There is one more principle of sustainable KM that I personally have struggled with, but ultimately been forced to accept. That principle is the need to eliminate the competition.
At first, it seems to contradict the second principle: let change manage itself. In fact, it does. It also goes against my own natural style and approach, which tends towards inclusiveness. But the fact is, within corporations, competition is not productive, it is divisive.
Knowledge management programs tend to be additive -- new systems and processes are added on top of the existing infrastructure. If distribution lists aren't working, add forums. If forums aren't working, add blogs and wikis.
On the internet, this isn't a problem; the audience is large enough to sustain all of these interactions, and people will over time migrate from one to another. But within corporations where the audience is much smaller and resources are limited, continually adding new processes and technology has several very negative impacts:
- You confuse the users. People are always asking which system are they supposed to use: the old ones or the new ones? Even if a strategic direction has been chosen and announced, the more systems there are, the more likely people will either A.) use the wrong one out of ignorance or B.) not even know the right one exists.
- You invite resistance. People don't like to change how they do things, even if the new method is better in the long run. If the old system exists, some percentage of the audience will insist on still using it, often bad-mouthing the new system as they do so.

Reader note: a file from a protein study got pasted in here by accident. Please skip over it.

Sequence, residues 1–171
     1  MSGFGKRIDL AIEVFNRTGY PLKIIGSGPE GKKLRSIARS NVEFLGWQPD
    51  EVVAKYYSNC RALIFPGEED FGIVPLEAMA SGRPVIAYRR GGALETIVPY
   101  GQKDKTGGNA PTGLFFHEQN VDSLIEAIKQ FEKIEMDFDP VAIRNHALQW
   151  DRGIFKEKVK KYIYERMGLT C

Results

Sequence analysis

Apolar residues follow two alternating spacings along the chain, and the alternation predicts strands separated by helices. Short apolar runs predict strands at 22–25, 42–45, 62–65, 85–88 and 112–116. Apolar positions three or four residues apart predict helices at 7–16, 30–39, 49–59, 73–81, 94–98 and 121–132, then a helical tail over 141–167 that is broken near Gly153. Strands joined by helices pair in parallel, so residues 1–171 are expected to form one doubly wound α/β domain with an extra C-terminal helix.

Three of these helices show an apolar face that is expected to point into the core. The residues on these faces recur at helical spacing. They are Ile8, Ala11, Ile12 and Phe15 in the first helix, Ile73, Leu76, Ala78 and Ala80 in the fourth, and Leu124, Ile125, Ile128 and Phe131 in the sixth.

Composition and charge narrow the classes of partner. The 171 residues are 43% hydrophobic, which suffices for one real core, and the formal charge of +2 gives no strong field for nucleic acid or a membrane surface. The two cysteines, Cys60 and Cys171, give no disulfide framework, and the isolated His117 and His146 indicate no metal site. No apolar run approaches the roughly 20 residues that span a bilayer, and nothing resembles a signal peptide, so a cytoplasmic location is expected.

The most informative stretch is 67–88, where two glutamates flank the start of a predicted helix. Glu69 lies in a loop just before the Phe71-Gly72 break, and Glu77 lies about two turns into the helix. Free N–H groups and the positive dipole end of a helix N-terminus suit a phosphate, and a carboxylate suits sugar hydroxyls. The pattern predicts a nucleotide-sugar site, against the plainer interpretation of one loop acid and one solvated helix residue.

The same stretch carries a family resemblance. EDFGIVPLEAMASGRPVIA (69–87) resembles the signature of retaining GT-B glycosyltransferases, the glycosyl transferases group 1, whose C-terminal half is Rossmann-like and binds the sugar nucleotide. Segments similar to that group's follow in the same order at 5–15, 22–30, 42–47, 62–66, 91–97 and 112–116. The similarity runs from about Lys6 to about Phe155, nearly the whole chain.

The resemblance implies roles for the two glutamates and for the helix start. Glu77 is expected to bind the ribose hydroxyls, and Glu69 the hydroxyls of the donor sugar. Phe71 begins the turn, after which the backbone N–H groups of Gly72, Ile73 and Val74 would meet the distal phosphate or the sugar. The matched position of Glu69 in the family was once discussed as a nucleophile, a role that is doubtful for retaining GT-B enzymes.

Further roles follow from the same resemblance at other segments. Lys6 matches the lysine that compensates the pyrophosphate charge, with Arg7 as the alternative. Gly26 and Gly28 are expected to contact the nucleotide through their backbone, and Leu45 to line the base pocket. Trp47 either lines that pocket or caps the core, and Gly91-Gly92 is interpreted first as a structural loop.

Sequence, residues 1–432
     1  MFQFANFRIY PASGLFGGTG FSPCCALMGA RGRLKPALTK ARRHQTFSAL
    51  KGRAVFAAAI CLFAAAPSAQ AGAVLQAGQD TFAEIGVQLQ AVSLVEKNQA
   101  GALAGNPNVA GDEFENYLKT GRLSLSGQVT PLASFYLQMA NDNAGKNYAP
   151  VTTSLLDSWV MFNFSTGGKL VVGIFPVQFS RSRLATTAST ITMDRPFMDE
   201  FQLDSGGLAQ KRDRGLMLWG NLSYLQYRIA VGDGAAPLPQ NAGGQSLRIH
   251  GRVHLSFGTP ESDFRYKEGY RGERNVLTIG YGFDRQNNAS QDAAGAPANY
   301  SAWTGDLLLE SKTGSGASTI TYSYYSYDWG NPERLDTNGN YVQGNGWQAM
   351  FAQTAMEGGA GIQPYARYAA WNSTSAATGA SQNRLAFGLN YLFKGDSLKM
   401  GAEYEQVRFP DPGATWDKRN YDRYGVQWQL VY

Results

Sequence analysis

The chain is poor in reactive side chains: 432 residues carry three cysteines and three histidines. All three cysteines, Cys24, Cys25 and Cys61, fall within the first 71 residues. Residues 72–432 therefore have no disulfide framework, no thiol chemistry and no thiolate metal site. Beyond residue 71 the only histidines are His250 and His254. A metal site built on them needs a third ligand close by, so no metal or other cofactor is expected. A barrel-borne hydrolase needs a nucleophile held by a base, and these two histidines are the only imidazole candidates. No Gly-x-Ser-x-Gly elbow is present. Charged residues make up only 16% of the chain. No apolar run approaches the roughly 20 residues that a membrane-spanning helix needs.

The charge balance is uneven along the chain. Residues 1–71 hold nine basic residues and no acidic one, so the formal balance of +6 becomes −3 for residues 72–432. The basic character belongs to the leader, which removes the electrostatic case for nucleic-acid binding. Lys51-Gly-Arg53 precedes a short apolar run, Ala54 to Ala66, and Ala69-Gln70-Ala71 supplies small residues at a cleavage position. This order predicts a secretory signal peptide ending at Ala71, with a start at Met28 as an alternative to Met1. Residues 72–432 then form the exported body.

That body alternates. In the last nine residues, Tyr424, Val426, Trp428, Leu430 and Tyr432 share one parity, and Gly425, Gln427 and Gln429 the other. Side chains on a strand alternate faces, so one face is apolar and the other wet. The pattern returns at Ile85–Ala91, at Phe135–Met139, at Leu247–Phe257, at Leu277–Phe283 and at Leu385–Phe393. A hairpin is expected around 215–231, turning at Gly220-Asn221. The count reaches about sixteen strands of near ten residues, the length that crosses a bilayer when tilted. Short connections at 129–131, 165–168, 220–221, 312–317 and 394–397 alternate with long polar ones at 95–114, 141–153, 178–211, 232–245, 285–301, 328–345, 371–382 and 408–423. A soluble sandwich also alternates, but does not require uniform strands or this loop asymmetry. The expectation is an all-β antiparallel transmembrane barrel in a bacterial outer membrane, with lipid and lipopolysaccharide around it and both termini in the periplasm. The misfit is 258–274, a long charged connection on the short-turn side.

- You more than double the expense. Within corporations, all programs cost money, even when they are not in use. Systems cost money for IT to maintain them. They cost money for the sponsoring organization to advertise and teach them. And it is not just twice the cost. Because there are two, there are additional expenses needed to explain when and why to use each and to migrate people and content from one to the other.
These rules are not specific to KM. They apply to any technology. But in the absence of overwhelming management support, KM tends to suffer them more than other line-of-business programs do.
Ultimately, unless you are implementing something totally new and so innovative it does not replace or overlap existing processes, there is going to be competition between the old and the new.
However, eliminating the competition right away can have an equally negative impact. If you change the process, people need to be made aware of the change. Unless your organization is preternaturally well organized, this is nearly impossible to achieve in one fell swoop. So there will be some crossover period. Even if you switch over technology "under the covers" leaving the interfaces and processes the same, there are likely to be glitches and unforeseen differences that will be noticed by the users.
So the key questions are when do you make the switch over and what do you do in the interim to mitigate the negative impact?
The answer to the first question is as soon as possible and plan it from the beginning. It is usually best, even if you must keep pre-existing processes and/or systems for some interim period, to schedule their removal from the beginning so everyone is aware they are going away. A swift changeover can be painful, but a long drawn out battle (with users) is worse.
What you do in the interim depends on the nature of the change and the influence you have. If you cannot shut off an existing process or system because you don't "own" it (a common problem in hierarchical organizations), the best approach is to integrate with the other process and make the new process demonstrably better.
By integrating, you do not penalize people who adopt the new system (they can still interoperate with others who have not). By being demonstrably better, you are able to sway the target audience and encourage adoption -- to the point where the old processes can be shut down. In other words, you win.
Even if you do control both the old and the new processes, it is important to provide a clear migration path: convert old data, map old processes to new, integrate with other processes, etc. Theses steps all help smooth the path for the users and reduce pain for both them and yourself.
[Continued in Sustainable KM: Principles & Approaches]